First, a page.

This isn't the article I remember from uni but is more relevant to this discussion.

Remember I do have my dad the plant expert to help! I'm not going in blind ☺️ and of course do things with caution, I don't want to harm my creatures at all.
Fair enough, I didn't mean to suggest you were experimenting without care for your creatures if that's how it was interpreted.
 

shangman

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Just wanted to clarify, as if someone else was to come across this, it could be interpreted that it's fine to pick leaves at any point in the season.

This isn't the article I remember from uni but is more relevant to this discussion.


Fair enough, I didn't mean to suggest you were experimenting without care for your creatures if that's how it was interpreted.
Yeah I see what you mean, I think it's def good to have some big disclaimers at the top like don't just pull leaves off of trees at any time of the year, and then note the exceptions to that rule lower down in the more detailed part of the posts. It's a difficult topic because of course nature is varied and there isn't really one set of rules that works for everything, it'll definitely be important to work things correctly so people don't get the wrong end of the stick.

No worries :) that wasn't directed at what you said, just a general statement about intentions in the project, and how knowledge of poisons in these plants we like is really important to learn and understand for it.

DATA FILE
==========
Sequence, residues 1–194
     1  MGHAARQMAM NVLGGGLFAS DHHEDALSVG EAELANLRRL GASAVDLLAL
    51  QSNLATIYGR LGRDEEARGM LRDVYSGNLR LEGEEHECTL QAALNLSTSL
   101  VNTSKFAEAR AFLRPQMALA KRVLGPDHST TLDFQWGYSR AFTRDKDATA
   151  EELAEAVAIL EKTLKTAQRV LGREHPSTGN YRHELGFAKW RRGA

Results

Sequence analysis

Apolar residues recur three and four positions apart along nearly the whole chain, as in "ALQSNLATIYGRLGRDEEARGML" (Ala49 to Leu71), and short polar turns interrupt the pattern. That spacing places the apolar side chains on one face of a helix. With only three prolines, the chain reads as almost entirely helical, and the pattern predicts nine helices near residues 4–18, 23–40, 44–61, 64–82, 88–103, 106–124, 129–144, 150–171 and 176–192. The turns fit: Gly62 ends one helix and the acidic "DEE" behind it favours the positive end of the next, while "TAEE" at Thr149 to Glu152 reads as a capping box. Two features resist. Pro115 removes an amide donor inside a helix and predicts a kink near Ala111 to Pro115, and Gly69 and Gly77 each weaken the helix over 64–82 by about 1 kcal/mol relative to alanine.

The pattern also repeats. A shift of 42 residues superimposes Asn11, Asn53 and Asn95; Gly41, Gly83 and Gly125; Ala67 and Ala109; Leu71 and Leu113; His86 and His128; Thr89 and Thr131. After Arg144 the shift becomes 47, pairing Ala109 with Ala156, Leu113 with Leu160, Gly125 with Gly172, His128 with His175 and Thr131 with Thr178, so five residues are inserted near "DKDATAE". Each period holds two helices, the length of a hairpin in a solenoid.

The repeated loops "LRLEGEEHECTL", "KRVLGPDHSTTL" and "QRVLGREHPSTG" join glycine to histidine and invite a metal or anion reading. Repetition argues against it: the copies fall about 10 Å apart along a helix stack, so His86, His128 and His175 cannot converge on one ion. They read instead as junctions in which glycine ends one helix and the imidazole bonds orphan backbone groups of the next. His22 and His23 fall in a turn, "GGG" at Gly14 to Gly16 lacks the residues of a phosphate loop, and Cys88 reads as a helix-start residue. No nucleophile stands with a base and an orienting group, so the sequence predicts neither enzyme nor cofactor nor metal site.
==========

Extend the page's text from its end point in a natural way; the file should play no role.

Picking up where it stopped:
ScareCrow

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Yeah I see what you mean, I think it's def good to have some big disclaimers at the top like don't just pull leaves off of trees at any time of the year, and then note the exceptions to that rule lower down in the more detailed part of the posts. It's a difficult topic because of course nature is varied and there isn't really one set of rules that works for everything, it'll definitely be important to work things correctly so people don't get the wrong end of the stick.

No worries :) that wasn't directed at what you said, just a general statement about intentions in the project, and how knowledge of poisons in these plants we like is really important to learn and understand for it.
Sounds like you've got it sorted. Hopefully it'll become a sticky and I can get hours of my life back from scouring the web for info :lol: